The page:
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The Atrocity Archives (A Laundry Files Novel) Mass Market Paperback – December 30, 2008


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Product Details

  • Series: A Laundry Files Novel (Book 1)
  • Mass Market Paperback: 368 pages
  • Publisher: Ace; Reprint edition (December 30, 2008)
  • Language: English
  • ISBN-10: 0441016685
  • ISBN-13: 978-0441016686
  • Product Dimensions: 1.1 x 4.1 x 6.5 inches
  • Shipping Weight: 6.4 ounces (View shipping rates and policies)
  • Average Customer Review: 4.2 out of 5 stars  See all reviews (123 customer reviews)
  • Amazon Best Sellers Rank: #82,123 in Books (See Top 100 in Books)

Editorial Reviews

From Publishers Weekly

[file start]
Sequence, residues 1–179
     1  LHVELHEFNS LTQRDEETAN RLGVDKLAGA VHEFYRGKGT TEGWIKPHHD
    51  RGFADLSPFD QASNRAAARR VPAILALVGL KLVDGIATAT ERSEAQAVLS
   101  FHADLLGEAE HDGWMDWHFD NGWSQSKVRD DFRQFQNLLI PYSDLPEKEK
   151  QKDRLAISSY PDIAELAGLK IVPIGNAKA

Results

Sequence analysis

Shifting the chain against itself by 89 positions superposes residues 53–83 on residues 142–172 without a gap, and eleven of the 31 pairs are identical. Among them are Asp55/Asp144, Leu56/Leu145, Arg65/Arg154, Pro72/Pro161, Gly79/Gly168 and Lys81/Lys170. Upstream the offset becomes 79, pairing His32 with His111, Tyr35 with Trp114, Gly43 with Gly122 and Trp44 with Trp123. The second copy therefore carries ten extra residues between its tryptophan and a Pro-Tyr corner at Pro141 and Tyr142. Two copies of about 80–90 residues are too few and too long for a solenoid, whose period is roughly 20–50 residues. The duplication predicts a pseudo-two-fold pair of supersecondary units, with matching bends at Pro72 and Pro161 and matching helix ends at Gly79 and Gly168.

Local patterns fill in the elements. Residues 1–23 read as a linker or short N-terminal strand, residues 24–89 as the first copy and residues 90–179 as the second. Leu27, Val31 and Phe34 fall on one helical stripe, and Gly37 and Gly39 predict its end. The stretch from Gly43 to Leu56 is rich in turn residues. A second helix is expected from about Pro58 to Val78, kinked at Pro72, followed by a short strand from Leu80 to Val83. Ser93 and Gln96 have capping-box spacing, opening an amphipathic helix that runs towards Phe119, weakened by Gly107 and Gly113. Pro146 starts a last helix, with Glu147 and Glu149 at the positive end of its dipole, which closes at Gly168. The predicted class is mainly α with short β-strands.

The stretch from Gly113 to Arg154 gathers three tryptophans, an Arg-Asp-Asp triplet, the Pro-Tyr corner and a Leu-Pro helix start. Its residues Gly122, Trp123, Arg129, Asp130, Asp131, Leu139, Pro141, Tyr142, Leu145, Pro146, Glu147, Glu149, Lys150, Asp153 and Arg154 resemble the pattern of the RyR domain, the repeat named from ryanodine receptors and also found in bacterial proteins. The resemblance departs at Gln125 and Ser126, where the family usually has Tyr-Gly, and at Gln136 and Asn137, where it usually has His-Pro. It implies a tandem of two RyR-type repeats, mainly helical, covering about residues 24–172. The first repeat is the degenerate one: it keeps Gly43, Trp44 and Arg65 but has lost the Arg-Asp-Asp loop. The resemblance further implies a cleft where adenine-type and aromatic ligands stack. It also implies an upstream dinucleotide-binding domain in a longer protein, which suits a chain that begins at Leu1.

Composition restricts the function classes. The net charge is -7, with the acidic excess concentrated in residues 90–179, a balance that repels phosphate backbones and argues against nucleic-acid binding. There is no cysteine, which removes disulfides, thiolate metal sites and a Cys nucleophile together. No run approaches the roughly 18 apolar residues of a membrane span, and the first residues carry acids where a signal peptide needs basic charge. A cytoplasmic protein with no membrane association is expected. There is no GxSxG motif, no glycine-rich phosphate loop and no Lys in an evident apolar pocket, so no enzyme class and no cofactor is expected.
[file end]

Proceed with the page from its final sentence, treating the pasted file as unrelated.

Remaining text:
Lovecraft's Cthulhu meets Len Deighton's spies in Stross's latest, as the Scottish author explains in his afterword to this offbeat book offering two related long novellas, "The Atrocity Archive" and "The Concrete Jungle" (the latter previously unpublished). With often hilarious results, the author mixes the occult and the mundane, the truly weird and the petty. In "Atrocity," Bob, a low-level computer fix-it guy for the Laundry, a supersecret British agency that defends the world from occult happenings, finds himself promoted to fieldwork after he bravely saves the day during a routine demonstration gone awry. With his Palm, aka his Hand of Glory (a severed hand that, when ignited, renders the holder invisible), and his smarts, he saves the world from a powerful external force seeking to enter our universe to suck it dry. In "Jungle," Bob teams up with a cop, Josephine, to save the Laundry from a powermonger who seeks to stage an internal coup by using zombies as her minions. Amid all the bizarre happenings are the everyday trappings of a British bureaucracy. Bob gets called on the carpet by his bosses because he requested backup during an emergency without first getting his supervisor's okay and filling out the requisite forms. Though the characters all tend to sound the same, and Stross resorts to lengthy summary explanations to dispel confusion, the world he creates is wonderful fun.